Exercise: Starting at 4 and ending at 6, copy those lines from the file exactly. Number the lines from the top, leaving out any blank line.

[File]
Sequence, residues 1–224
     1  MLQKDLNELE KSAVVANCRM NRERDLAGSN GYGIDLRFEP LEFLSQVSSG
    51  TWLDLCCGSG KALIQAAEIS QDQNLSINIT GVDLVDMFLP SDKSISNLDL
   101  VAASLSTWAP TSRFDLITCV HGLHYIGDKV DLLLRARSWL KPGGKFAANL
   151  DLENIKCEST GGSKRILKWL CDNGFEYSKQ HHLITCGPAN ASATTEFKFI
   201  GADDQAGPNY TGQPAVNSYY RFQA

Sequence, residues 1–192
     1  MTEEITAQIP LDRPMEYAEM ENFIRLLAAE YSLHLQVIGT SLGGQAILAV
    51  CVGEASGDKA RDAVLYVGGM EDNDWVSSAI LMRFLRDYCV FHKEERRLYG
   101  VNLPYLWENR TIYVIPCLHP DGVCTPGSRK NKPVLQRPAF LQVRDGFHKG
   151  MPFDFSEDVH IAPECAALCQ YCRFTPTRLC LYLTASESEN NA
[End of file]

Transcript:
   101  VAASLSTWAP TSRFDLITCV HGLHYIGDKV DLLLRARSWL KPGGKFAANL
   151  DLENIKCEST GGSKRILKWL CDNGFEYSKQ HHLITCGPAN ASATTEFKFI
   201  GADDQAGPNY TGQPAVNSYY RFQA